Post by Seth M. Rodriquez, Ph.D.

“What do those words make you see?” Years ago, I worked as a reading tutor. It was my job to help people decode written words and understand the meaning being communicated through those words.

Reading comprehension experts will tell you that the best way to understand and remember what you read is to allow the words to create pictures in your head. As a tutor, I was trained to repeatedly ask the question: “What do those words make you see?”

It is no different when we read the Bible. As we read, we should allow the words on the page to form pictures in our head. Unfortunately, this can sometimes prove to be a challenge. Often we are not familiar with the places and things mentioned in the Bible. How tall was Mount Carmel where Elijah called down fire from heaven? How dry is the Judean Wilderness where David hid from Saul and where Jesus was tempted? What is a horned altar and what did look like?

Fortunately, today we have the means to bridge the gap between our world and the world of the Bible.
Collections of images provided through websites such as BiblePlaces.com and LifeintheHolyLand.com can go a long way in helping us to form vivid pictures in our minds of biblical places, characters, and events. To help you on the journey, I am kicking off a new series on this blog called, “On Location.” As the name implies, we’ll go “on location” with the people in the Bible. We will see some of the same sights they did … or at least see what these sights look like in modern times. The goal is to help you more accurately visualize the biblical stories.

To get things started, let’s talk about Abraham. Abraham’s journey started at the east end of the Fertile Crescent in the city of Ur in Mesopotamia. From there, he moved to Haran in the northern part of the Fertile Crescent, and eventually moved to the land of Canaan to the southwest. The story begins in Genesis 12 …

“Now the Lord said to Abram, ‘Go from your country and your kindred and your father’s house to the land that I will show you. And I will make of you a great nation, and I will bless you and make your name great, so that you will be a blessing. I will bless those who bless you, and him who dishonors you I will curse, and in you all the families of the earth shall be blessed.’ So Abram went, as the Lord had told him, and Lot went with him. Abram was seventy-five years old when he departed from Haran. And Abram took Sarai his wife, and Lot his brother’s son, and all their possessions that they had gathered, and the people that they had acquired in Haran, and they set out to go to the land of Canaan. When they came to the land of Canaan, Abram passed through the land to the place at Shechem, to the oak of Moreh. At that time the Canaanites were in the land. Then the Lord appeared to Abram and said, ‘To your offspring I will give this land.’ So he built there an altar to the Lord, who had appeared to him. (Genesis 12:1–7, ESV)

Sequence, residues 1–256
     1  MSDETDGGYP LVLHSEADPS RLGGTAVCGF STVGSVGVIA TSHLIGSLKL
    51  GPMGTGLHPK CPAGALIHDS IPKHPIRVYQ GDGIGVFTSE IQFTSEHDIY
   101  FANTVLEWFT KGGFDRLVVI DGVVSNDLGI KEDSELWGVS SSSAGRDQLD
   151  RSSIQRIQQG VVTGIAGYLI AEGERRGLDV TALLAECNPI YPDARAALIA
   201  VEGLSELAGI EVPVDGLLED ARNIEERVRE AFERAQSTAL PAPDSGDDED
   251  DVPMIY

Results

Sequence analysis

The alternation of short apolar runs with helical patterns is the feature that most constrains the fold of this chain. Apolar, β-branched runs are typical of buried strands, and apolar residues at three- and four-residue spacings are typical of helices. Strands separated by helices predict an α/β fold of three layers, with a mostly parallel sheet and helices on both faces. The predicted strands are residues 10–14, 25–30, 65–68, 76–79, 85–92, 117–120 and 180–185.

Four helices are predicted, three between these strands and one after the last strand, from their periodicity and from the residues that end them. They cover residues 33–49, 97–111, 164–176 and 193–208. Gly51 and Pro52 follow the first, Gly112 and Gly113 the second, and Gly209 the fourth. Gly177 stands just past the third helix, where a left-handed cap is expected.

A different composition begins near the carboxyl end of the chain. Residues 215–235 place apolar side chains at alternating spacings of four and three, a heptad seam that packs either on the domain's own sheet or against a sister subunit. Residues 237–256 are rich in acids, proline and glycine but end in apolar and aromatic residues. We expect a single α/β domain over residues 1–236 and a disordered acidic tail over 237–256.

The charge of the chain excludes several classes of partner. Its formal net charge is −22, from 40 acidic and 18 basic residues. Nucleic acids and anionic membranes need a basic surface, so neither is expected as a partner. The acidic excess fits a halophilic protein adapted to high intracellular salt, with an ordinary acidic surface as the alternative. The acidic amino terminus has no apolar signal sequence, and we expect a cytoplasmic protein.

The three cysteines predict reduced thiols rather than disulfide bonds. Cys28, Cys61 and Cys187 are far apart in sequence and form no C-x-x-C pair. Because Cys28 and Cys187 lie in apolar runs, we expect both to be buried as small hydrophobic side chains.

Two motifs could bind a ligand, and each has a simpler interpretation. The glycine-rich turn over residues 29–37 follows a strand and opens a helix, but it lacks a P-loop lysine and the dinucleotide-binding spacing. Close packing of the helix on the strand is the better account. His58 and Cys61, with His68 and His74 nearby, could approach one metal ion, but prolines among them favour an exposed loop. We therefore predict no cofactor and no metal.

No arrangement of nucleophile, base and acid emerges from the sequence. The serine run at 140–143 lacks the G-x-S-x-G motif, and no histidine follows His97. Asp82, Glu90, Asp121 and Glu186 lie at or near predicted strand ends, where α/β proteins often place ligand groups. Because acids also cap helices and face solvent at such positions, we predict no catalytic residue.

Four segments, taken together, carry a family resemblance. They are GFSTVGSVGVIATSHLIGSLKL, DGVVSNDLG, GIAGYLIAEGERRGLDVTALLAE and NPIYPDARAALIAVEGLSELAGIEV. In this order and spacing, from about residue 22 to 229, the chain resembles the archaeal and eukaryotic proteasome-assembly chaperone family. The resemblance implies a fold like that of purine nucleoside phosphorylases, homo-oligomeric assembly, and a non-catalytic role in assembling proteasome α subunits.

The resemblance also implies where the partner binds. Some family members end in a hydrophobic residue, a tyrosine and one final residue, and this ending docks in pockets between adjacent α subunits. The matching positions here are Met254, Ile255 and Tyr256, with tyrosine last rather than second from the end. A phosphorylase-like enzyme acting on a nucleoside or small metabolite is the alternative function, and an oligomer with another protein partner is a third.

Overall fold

What do those words make you see? Let me help you out with the last few verses where Abraham enters Canaan for the first time and arrives at the site of Shechem. 
Shechem (modern Nablus) lies between Mount Gerizim and Mount Ebal in the very center of the land of Canaan. However, there is no indication archaeologically or in the biblical text that there was actually a city there in Abraham’s day. The city seems to have been founded in about 1900 B.C., about 200 years after Abraham would have passed through here. So to help paint our mental picture, we need to get out of the modern city located at the site of Shechem and see some wide open spaces nearby. In the image below, we are standing a few miles away from Shechem and we can see Mount Gerizim and Mount Ebal in the distance. This is similar to what Abraham would have seen back in 2100 B.C.
Mount Gerizim, Shechem, and Mount Ebal from the East

A close-up image of the Shechem area will help us complete our mental picture. The modern city sprawls over the area today. So to help us form a proper image in our minds, it is helpful to dig into one of the historic collections provided through LifeintheHolyLand.com and go back in time. This next image shows what the area between Mount Gerizim and Mount Ebal looked like about 100 years ago. The photographer is standing on Mount Gerizim and looking across the valley. In Abraham’s day, this area probably had many more trees than can be seen in the image below (Joshua 14 mentions a forest covering this region) but you can get a feel for what the topography is like through this photograph.

Looking north from Mount Gerizim (photo taken 1910-1920)

According to Genesis 12, this was the place where God spoke to Abraham shortly after he entered the land of Canaan for the first time. This is where He made Abraham the promise, “To your offspring I will give this land.” And in response, this is where Abraham built an altar to the Lord.

More images and information about Shechem can be found on the BiblePlaces website here.

Historical images of places from Abraham’s life can be found on the LifeintheHolyLand website here.
The images used in this post were taken from Vol. 2 of the Pictorial Library of Bible Lands (available for purchase here) and Vol. 1 of the American Colony and Eric Matson Collection (available for purchase here).